Bridging the Divide
Sound waves sneak through unsealed cracks. A narrow corridor, carved from solid rock, leads the words towards their intended audience. Precise words dance along the imperfections in the rock, creating a methodic echo from a single utterance. In a moment, the sharp command reaches its target with absolute force. Homing missiles and tidal waves have yet to achieve the accuracy and impetus of this single sentence. Hair cells in the ear bow to the might of the words; long silent eardrums begin to rattle more-and-more with each blast from the repetition of the echo. An electrical spark fires in the synapse of a nerve that has lost its charge. Insistent auditory nerves create a domino effect in a brain that has grown silent as each new nerve enlivens. The electrical propulsion builds momentum as it snowballs through the body before finally reaching the target of the words. Electric words jolt the heart alive; Lazarus gasps for air.
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Viktor Frankl, in his book The Doctor and the Soul (1965), provides the reader with an interesting take on how the human eyes work in tandem to provide a scope of view. He notes that each eye is its own entity that sends its singles to the brain. Each eye is its own independent entity and has complete autonomous functioning from the other eye. The separate visual singles are sent to the brain, where the brain patches the two different frames of view into one single picture. His point is that two independent entities can work together in such perfect unity that the viewer only rarely realizes the limits of his or her perception.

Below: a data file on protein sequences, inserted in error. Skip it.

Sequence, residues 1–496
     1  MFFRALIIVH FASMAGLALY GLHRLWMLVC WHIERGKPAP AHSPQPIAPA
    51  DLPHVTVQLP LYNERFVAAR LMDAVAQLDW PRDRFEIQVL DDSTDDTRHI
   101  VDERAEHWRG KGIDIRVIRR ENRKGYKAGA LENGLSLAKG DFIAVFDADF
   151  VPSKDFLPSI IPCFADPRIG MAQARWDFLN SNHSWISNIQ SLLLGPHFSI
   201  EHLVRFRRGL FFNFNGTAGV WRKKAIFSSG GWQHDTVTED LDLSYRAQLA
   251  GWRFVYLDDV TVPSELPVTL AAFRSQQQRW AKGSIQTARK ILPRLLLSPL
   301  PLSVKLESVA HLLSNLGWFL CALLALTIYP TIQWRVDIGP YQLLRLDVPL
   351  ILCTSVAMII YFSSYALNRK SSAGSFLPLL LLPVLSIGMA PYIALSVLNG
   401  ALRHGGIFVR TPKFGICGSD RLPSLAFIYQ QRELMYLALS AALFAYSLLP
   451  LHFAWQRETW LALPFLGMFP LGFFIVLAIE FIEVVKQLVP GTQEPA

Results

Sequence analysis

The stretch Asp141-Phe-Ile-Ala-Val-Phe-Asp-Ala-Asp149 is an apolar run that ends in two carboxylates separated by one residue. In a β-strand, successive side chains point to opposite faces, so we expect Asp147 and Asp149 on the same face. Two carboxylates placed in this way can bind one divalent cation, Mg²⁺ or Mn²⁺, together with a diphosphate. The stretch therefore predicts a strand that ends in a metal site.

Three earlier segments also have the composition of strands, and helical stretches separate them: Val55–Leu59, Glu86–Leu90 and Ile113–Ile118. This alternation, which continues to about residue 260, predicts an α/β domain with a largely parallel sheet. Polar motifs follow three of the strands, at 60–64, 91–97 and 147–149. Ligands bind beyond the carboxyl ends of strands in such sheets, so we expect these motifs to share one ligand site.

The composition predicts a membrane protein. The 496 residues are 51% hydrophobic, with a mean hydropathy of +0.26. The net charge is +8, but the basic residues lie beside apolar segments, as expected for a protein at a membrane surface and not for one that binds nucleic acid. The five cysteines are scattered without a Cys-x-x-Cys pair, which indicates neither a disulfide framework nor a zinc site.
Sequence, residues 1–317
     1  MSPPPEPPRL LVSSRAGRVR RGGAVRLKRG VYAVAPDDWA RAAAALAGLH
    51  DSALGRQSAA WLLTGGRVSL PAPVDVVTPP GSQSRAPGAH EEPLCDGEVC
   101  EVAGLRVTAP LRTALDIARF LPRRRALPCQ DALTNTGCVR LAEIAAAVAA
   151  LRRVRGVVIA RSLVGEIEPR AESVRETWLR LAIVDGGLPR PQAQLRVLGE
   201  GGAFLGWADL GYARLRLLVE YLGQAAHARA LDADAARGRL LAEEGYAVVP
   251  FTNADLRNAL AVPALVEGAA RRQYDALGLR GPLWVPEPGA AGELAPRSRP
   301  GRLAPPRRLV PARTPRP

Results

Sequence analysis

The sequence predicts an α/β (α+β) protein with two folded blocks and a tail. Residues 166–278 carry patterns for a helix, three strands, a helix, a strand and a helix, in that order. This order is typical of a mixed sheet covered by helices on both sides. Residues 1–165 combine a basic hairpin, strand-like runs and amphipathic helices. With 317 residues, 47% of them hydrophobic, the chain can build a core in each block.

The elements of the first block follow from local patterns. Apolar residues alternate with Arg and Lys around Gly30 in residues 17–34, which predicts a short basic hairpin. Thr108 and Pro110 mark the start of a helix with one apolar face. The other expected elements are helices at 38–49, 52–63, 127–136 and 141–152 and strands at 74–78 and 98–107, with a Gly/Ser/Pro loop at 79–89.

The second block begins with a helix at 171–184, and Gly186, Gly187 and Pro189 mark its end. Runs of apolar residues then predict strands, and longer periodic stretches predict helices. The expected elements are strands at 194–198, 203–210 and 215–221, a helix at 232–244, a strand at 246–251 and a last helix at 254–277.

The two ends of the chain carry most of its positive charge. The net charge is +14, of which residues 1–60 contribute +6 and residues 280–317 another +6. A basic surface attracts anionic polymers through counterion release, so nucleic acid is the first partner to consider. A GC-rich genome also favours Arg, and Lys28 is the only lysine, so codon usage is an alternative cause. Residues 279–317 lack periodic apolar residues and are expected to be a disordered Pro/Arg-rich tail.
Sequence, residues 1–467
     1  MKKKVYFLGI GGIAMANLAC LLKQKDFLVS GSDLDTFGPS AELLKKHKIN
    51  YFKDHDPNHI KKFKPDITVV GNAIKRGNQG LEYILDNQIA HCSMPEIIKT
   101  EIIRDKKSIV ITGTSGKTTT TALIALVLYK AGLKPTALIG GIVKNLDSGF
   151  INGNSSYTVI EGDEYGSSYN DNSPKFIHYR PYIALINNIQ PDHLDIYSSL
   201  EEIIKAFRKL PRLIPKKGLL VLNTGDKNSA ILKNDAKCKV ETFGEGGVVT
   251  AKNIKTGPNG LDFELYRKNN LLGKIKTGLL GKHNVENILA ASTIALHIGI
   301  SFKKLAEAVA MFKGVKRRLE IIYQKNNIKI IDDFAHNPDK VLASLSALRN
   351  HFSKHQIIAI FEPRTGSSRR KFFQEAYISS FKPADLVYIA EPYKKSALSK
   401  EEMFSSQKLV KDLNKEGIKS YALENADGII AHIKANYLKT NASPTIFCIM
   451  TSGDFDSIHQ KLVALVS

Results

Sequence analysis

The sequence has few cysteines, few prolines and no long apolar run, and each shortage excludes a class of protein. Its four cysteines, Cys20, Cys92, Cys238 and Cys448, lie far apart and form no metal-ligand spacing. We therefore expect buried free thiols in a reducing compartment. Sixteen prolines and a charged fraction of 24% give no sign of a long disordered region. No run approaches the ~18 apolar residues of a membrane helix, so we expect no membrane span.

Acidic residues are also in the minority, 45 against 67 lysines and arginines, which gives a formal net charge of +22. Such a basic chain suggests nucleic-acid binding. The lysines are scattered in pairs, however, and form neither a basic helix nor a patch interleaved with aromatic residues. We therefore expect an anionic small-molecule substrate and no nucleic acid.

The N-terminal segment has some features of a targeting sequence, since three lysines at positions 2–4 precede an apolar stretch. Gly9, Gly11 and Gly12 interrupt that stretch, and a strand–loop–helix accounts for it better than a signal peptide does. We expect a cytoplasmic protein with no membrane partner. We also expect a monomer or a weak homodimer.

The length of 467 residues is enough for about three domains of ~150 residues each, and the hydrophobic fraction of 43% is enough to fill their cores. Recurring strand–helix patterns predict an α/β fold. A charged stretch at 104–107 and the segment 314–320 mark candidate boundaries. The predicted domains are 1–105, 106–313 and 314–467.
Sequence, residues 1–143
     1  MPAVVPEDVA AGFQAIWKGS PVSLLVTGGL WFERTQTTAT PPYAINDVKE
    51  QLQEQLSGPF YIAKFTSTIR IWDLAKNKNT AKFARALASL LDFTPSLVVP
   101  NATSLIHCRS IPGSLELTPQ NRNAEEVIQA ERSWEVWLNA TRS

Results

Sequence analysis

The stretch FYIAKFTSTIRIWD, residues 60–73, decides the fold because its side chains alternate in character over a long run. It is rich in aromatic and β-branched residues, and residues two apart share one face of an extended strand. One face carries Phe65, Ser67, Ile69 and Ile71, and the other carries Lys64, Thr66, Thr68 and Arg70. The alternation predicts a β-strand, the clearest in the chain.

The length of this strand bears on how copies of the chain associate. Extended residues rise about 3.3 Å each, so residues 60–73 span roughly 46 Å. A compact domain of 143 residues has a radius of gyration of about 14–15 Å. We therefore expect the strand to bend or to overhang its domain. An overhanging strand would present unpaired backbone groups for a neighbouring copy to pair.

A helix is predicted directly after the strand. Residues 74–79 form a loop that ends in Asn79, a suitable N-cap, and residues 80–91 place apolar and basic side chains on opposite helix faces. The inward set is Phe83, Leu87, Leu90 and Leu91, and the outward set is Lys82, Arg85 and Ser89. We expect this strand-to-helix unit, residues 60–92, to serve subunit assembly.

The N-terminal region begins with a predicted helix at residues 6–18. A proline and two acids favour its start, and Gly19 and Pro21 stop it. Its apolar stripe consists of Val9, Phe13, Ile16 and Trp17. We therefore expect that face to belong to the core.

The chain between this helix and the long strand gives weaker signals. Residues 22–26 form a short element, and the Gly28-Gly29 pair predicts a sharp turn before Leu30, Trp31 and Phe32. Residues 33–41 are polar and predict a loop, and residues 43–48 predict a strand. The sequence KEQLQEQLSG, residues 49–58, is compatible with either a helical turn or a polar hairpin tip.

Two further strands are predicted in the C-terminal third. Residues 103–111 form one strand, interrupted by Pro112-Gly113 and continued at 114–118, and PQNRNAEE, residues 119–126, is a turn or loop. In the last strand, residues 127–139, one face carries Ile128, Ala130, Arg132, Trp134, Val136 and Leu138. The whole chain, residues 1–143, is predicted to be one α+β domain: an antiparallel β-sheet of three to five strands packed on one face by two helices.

A.H. Maslow (1970) explains, "It is because both science and religion have been too narrowly conceived, and have been too exclusively dichotomized and separated from each other, that they have been seen to be two mutually exclusive worlds" (p. 11). So, taking Frankl's analogy of the eye and Maslow's dichotomization of science and religion, we can begin to piece together a framework wherein two seemingly independent, contrasting structures can work hand in hand. For the purpose of this discussion, the focus will simply aim to stitch together a framework wherein one can see how the spiritual and physical can work together.